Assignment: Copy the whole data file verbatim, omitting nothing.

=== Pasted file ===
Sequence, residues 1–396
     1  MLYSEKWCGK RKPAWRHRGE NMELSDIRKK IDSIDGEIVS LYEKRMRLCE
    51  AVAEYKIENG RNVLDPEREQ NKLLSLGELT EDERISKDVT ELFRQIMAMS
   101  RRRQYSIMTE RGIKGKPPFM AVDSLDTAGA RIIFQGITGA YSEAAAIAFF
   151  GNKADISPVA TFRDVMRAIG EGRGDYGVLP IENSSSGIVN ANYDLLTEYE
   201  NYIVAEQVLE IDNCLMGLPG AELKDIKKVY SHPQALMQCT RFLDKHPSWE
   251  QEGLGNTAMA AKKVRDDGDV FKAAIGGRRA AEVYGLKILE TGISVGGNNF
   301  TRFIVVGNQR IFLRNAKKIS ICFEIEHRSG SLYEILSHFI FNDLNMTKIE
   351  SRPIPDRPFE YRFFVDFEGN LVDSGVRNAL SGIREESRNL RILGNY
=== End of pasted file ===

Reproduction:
Sequence, residues 1–396
     1  MLYSEKWCGK RKPAWRHRGE NMELSDIRKK IDSIDGEIVS LYEKRMRLCE
    51  AVAEYKIENG RNVLDPEREQ NKLLSLGELT EDERISKDVT ELFRQIMAMS
   101  RRRQYSIMTE RGIKGKPPFM AVDSLDTAGA RIIFQGITGA YSEAAAIAFF
   151  GNKADISPVA TFRDVMRAIG EGRGDYGVLP IENSSSGIVN ANYDLLTEYE
   201  NYIVAEQVLE IDNCLMGLPG AELKDIKKVY SHPQALMQCT RFLDKHPSWE
   251  QEGLGNTAMA AKKVRDDGDV FKAAIGGRRA AEVYGLKILE TGISVGGNNF
   301  TRFIVVGNQR IFLRNAKKIS ICFEIEHRSG SLYEILSHFI FNDLNMTKIE
   351  SRPIPDRPFE YRFFVDFEGN LVDSGVRNAL SGIREESRNL RILGNY